In the tide of Jamaican rude boy culture such as rock-steady and early reggae, a new British subculture emerged in the summer of 1969. Rejecting the hippie culture and its uniform of long scraggly hair and psychedelic bell-bottomed jeans, working class kids began to redefine themselves. They wanted a look that is fuss-free and real. So out came the big boots for roughing it out, braces that kept pants in place, beaten-up jeans and clean shaven heads. The latter earned them the moniker of “skinheads”. This first generation of skinheads had a practical approach to clothing that meant only the classic ruggedness of Dr Martens would do for shoes.
In an effort to bring that era forward, Dr Martens has teamed up with a handful of brands who have been greatly involved with the skinhead movement in its earliest days. The Spirit of ’69 campaign is a modern interpretation of the skinheads’ no-nonsense attitude and style that’s been captured by photographer Gavin Watson and musician Mike Skinner on the short film.
The Spirit of ’69 is centred around the footwear. Coming in a palette of black, brown and oxblood, the different styles of shoes have been done the way they were the first time. Traditional biscuit-backed leather is used, with signature flat cotton laces. The rest of the collection features MA-1 flight jackets by Alpha Industries, iconic ‘trimfit’ shirts by Brutus, bleached denim by Edwin Jeans, and a limited-edition leather record box done in collaboration between Dr Martens and Trojan Records.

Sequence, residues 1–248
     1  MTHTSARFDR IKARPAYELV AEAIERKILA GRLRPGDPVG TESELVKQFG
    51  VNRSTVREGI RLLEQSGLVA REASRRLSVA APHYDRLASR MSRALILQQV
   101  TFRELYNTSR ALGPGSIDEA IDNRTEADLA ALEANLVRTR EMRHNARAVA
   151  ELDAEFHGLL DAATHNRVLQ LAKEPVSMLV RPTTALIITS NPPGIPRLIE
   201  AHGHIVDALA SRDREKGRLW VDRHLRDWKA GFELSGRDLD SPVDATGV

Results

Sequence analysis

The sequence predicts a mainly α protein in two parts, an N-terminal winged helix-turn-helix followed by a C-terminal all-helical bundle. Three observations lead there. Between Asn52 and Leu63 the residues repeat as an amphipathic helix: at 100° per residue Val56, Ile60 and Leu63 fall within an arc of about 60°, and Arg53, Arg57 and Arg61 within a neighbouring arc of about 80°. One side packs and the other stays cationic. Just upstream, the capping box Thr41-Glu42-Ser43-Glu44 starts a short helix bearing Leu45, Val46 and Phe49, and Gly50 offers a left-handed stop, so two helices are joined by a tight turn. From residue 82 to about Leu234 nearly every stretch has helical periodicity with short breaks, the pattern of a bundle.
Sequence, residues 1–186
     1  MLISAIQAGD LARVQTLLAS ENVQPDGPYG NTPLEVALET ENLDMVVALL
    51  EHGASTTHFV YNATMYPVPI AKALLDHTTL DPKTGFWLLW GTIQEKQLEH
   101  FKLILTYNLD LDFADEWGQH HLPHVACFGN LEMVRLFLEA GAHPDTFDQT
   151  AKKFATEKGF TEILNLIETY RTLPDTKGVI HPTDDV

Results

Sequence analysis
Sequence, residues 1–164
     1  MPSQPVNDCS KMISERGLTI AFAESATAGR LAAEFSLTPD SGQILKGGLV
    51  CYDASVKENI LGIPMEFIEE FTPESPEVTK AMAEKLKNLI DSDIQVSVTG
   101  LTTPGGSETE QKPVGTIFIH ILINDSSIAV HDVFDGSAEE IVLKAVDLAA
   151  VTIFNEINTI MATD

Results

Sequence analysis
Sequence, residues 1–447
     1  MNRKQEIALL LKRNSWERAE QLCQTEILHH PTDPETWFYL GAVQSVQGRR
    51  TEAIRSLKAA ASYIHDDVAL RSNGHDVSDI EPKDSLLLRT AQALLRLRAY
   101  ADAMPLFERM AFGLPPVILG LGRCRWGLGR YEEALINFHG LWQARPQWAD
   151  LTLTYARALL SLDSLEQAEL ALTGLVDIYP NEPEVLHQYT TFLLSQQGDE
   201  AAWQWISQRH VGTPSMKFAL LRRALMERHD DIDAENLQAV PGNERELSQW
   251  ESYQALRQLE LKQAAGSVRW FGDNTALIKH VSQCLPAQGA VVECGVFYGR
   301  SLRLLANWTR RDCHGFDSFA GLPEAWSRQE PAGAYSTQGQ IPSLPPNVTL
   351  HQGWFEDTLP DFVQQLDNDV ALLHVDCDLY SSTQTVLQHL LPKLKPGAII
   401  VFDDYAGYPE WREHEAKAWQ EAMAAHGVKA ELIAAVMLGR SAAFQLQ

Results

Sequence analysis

The footwear, shirts and jeans are available at all Dr Martens stores, while the flight jacket or record box bag are only available on www.drmartens.com
Alpha Industries red bomber jacket, poa
Brutus shirt in yellow and checks, $119
Philips Capper boot in oxblood, $249
Trojan record box bag in oxblood, USD240